HANNA BARRY: Absolutely, And Sappi’s share price is reflecting that.
WAYNE McCURRIE: It got pounded.
HANNA BARRY: It did – down 6.5%. Sasol issued a trading update, really just warning the market that it anticipates headline earnings per share for the year to June to be between 14 and 19% lower. That share price is also coming under pressure. But I think it’s to be expected in a very low price environment.
WAYNE McCURRIE: Undoubtedly. The market was probably expecting worse than this. Look, their results are based on an average for the last six months of $74/barrel. Remember, the current price is $49. So in the next six months are going to see as big a fall – the rand shields them a little bit – obviously because of the lower oil price. Unfortunately there are so many adjustments for staff share schemes and the reversal of the Competition Commission fine, and so on that it’s hard to actually get down to the bottom. But the thing is, at $50/barrel Sasol is probably fairly priced. If you think the oil price is going to fall another $10, sell, if you think it’s going up another $10, you must be a strong buyer of it. So it will be very dependent on what the oil prices does.
HANNA BARRY: On the upside, one share price that surprised me with just how much it climbed is Lewis – the beleaguered furniture retailer – up more than 11% after it announced that it’s going to essentially take on the National Credit Regulator, which has transferred Lewis to the National Consumer Tribunal for supposedly mis-selling insurance policies to pensioners, so selling pensioners loss-of-employment cover and selling self-employed consumers disability cover. It’s all quite confusing, but essentially mis-selling insurance policies.
Lewis is saying that’s not what we’ve done, we can prove it. We’ve got an answering affidavit. We are going to take you on. And the market seemed to like that. I am sceptical.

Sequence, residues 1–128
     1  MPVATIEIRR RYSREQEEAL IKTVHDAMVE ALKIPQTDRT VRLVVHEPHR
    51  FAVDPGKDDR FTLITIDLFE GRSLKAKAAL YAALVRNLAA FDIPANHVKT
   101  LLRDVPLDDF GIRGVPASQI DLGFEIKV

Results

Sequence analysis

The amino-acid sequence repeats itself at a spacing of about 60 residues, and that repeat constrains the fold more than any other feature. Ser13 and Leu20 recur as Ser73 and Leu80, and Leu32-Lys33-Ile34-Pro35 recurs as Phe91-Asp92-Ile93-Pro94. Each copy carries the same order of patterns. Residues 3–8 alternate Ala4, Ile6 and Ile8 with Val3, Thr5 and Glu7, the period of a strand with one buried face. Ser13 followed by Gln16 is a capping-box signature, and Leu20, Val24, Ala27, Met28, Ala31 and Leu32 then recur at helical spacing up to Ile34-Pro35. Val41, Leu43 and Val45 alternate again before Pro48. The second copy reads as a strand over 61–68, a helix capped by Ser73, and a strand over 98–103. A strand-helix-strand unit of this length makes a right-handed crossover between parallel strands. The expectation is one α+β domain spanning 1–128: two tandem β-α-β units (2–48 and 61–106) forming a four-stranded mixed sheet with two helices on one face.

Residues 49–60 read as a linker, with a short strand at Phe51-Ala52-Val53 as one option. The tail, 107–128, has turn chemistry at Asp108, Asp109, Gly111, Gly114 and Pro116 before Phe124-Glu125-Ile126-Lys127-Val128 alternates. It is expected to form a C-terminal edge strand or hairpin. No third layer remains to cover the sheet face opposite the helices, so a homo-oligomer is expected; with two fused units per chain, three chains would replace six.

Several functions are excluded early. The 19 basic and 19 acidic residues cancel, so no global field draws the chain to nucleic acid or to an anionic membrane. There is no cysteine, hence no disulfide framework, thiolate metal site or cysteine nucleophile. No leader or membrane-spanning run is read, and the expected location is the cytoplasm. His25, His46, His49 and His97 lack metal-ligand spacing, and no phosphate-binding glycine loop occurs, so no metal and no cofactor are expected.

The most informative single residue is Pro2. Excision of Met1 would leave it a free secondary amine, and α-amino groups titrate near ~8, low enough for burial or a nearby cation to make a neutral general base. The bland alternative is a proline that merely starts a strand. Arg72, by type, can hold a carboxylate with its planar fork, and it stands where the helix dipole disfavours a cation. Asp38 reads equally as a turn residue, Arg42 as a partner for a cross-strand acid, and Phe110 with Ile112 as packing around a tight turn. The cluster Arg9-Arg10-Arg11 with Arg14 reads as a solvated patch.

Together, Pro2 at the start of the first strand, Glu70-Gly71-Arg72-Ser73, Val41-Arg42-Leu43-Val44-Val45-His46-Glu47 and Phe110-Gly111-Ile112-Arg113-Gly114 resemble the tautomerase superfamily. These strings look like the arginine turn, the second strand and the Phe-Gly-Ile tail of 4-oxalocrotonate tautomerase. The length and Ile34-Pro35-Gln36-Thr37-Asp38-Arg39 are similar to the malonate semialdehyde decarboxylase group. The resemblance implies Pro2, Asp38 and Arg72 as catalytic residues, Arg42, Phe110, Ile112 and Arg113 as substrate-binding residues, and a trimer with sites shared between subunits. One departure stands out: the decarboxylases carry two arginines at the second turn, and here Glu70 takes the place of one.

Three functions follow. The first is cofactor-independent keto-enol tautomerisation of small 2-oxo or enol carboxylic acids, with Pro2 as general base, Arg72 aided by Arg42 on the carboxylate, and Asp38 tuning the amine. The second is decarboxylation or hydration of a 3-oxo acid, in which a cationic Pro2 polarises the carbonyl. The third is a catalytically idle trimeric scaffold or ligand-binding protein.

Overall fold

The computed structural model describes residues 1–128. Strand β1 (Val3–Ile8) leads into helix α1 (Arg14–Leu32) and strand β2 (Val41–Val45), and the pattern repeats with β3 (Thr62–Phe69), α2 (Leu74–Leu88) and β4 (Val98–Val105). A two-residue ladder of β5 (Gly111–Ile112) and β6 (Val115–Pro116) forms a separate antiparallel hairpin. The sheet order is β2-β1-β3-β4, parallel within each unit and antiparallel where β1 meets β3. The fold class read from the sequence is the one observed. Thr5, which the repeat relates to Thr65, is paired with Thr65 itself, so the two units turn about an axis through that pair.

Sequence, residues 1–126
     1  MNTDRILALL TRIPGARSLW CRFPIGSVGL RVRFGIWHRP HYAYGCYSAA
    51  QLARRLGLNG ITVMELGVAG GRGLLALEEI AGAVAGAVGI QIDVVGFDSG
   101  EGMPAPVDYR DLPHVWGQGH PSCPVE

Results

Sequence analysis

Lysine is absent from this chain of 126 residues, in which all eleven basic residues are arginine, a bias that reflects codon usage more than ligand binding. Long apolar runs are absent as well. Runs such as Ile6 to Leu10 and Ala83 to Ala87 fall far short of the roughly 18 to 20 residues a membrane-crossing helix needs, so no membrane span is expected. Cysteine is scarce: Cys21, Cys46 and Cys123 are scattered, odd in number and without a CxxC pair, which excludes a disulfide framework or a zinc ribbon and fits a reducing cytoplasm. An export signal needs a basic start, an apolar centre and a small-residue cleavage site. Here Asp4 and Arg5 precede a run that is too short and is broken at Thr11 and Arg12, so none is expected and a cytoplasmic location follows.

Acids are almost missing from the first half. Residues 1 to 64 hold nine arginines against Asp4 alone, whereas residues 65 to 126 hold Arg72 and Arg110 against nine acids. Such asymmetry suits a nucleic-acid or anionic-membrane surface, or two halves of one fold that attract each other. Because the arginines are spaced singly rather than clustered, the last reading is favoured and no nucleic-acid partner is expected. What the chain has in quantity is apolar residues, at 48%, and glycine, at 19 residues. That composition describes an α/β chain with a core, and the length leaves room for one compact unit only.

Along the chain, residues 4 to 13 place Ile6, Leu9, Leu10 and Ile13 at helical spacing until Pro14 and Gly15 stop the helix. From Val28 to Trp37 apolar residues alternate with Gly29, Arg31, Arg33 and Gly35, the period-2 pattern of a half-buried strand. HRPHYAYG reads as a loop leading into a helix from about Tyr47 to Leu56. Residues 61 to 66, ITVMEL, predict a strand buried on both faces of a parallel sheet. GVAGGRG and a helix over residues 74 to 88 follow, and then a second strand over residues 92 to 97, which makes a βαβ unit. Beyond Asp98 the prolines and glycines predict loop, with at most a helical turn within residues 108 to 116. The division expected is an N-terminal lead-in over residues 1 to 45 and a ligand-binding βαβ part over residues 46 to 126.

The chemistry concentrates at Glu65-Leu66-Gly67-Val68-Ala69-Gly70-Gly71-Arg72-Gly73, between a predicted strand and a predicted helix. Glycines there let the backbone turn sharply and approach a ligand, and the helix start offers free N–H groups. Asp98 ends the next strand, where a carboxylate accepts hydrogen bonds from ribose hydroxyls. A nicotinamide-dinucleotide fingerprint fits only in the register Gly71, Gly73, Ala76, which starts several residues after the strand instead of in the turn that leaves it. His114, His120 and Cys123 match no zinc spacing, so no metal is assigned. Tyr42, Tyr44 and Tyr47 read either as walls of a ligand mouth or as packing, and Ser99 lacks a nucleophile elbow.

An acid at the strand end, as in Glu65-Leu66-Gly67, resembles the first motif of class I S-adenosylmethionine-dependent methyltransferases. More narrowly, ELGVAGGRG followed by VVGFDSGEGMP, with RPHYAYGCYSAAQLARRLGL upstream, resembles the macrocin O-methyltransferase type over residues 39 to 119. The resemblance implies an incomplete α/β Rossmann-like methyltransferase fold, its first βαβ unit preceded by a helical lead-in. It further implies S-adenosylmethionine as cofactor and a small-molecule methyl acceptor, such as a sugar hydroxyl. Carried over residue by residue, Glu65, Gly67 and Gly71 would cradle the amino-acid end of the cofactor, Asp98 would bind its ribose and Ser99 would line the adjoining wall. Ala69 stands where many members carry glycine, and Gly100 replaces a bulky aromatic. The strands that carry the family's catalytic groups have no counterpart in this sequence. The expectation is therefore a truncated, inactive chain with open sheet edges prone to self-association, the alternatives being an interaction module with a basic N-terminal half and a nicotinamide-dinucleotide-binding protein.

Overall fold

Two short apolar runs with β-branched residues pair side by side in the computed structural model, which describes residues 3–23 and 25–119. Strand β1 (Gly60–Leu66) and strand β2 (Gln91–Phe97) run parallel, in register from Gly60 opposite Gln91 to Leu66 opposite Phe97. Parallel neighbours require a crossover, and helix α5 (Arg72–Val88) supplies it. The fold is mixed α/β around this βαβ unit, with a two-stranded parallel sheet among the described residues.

WAYNE McCURRIE: And they were vehement, hey! They said we are fighting this, we are very confident that our position is correct. So it’s really about mis-selling and mis-pricing of product. The share price has been pounded since this story came out. They say there that the National Credit Regulator and the authorities who investigated them did a terrible job, and they say they are going to prove this – that there was negligence in the investigation, they didn’t do all the things, they didn’t stick to their own legislation and what they should do and how it should be done. So they said they are going to fight them. Let’s see what happens.
HANNA BARRY: This is where I would just like to step in, because I did read their results and of course the unsecured lending industry and debt is something I follow very closely. It seemed to me that Lewis could catch them out on a technicality, so it could be that the regulator didn’t follow the rules technically correctly, which of course is important. But whether or not the substance of its investigation and the findings of its investigation are much different from what they found is something that I would like to see. I would like Lewis to actually prove that they didn’t sell those policies…
WAYNE McCURRIE: Look, I don’t think Lewis would just go and catch you on a technicality because then they just start again and do it properly. If Lewis is doing something wrong they are going to be caught out at some stage. Whether they might not be caught out this time, because of a technicality, they’ll be caught out next time if everything is done correctly. But they are adamant that they are going to fight this, they are not going to pay the admission of guilt fine or some sort of administration fee. Let’s see exactly what happens on this. Of course, it takes a long time – these things always do. But you don’t see this often, actually.
HANNA BARRY: I know. And I think it’s very interesting. They did say that they looked back at some of the policies that may have been mis-sold as a result of human error, not as a result of Lewis’s policy but perhaps mistakes made by their staff. And, having looked at those, they think they may have to refund their customers R69m in premiums and in interest, which is not an insignificant amount.
WAYNE McCURRIE: No.
HANNA BARRY: But, as you say, we’ll keep watching it.